• Playing Pictionary: It is suggested that one say something along the lines of "What a nice picture! Can you tell me about it?" when confronted with a child's drawing, because "you don't want to say 'what a lovely elephant!' and have it turn out to be a picture of their grandmother."
  • Poisonous Friend: Ashley, who encourages Claudia to leave the club and spend more time on her artwork. Later in the series, Stacey falls in with a "bad girls" group.
  • Polar Opposite Twins:
    • Abby and her twin sister Anna. Anna is musical, bookish, and introspective; Abby is athletic, noisy, and enjoys babysitting. About the only things they have in common are that they both have scoliosis (although Abby didn't need it corrected by a brace while Anna did) and poor eyesight. Interestingly, this never creates a conflict between them - when they first realized they had branching interests as little girls, their initial reaction was to panic and double-down on making sure they had identical everything. They did grow out of that, because while they liked being identical, they didn't like being treated as a single entity and didn't want to chain themselves down to being completely identical when they realized that having separate interests wouldn't create a break between them.
    • It is worth noting that Anna also enjoys babysitting, like Abby, but she sees violin as a higher priority, causing her to turn down the invitation to join the club.
    • One book was based around the club babysitting for twins whose mother insisted on dressing them identically and trying to treat them as one person, despite their completely different interests and personalities. This got better at the end of the book with the twins finally allowed to express their individuality. In later books, they struggle with sharing a bedroom, and finally convince their mother to let them have separate rooms.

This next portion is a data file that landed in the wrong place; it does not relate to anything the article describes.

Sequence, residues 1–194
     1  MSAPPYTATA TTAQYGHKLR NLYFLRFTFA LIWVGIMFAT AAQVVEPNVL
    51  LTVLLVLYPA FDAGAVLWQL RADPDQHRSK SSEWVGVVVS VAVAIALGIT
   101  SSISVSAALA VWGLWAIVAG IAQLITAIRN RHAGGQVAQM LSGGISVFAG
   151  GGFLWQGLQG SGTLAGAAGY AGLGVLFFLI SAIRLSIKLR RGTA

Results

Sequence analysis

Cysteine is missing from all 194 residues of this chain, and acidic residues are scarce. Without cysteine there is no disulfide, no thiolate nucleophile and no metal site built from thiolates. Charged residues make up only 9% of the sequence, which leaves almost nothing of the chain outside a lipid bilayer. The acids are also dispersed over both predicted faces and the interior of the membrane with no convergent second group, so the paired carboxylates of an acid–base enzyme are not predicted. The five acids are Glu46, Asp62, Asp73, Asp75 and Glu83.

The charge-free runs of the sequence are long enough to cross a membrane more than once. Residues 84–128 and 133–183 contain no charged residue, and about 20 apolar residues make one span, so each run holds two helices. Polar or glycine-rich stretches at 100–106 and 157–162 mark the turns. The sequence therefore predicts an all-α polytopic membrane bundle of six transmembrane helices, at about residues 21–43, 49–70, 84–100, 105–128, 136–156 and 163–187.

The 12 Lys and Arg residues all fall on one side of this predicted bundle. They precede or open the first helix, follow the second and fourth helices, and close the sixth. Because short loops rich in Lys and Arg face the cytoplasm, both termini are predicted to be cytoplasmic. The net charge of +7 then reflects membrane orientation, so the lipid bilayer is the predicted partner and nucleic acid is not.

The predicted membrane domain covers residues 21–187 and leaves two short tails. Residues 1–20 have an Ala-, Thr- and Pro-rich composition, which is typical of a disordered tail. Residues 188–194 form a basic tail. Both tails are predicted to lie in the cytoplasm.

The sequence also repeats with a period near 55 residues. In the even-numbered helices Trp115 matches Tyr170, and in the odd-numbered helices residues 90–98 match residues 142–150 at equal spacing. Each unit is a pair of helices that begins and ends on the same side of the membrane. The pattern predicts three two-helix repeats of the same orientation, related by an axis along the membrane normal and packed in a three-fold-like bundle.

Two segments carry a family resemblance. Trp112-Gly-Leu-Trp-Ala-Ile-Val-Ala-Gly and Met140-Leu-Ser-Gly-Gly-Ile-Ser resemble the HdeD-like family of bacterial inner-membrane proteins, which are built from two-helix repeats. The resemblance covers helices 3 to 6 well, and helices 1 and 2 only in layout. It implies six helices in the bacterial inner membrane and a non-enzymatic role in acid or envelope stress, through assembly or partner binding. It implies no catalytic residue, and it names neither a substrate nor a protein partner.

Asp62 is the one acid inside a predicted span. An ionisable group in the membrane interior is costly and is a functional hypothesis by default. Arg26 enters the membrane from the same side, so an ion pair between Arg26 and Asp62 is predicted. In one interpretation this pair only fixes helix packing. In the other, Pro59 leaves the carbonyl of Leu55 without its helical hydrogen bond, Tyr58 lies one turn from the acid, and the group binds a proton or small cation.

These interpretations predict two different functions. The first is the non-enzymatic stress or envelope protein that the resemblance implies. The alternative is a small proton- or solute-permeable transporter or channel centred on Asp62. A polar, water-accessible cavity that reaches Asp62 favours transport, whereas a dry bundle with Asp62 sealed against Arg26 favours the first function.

• Not quite to the same degree, but Byron Pike is a lot quieter and more sensitive and somewhat less interested in sports than the other two triplets, which they sometimes give him grief for.
  • Prone to Vomiting: Mallory's younger sister Margo is known to throw up a lot.
  • Protagonist-Centered Morality: In book #12, the girls get bitchy over Claudia spending time with a new friend and go as far as to short-sheet her bed, mess with her belongings, and leave her a series of nasty notes. But in the end, Claudia is the one who owes them an apology for "being a bad friend."
  • Pungeon Master: Abby
  • Real Men Hate Sugar: In one of the books when Nicky Pike and Buddy Barrett refuse to eat cookies after having been teased for attending a "girly" sewing class.
  • Replacement Goldfish: Happens in both Boy-Crazy Stacey and Dawn and the Older Boy. In the former, Stacey falls in love with an older guy who turns out to be a jerk who was just using her, but she eventually ends up happy with another boy introduced in last few chapters. In the latter, the plot is basically the same, only with Dawn instead of Stacey.
  • Retcon: There was a short spinoff series where each of the girls writes an autobiography. They must have been written by different writers, because Kristy, Mary Anne, and Claudia have conflicting memories of their elementary school years (when they all knew each other).
  • Rhymes on a Dime: Vanessa Pike. At first it's occasional, but later on this becomes a major character trait.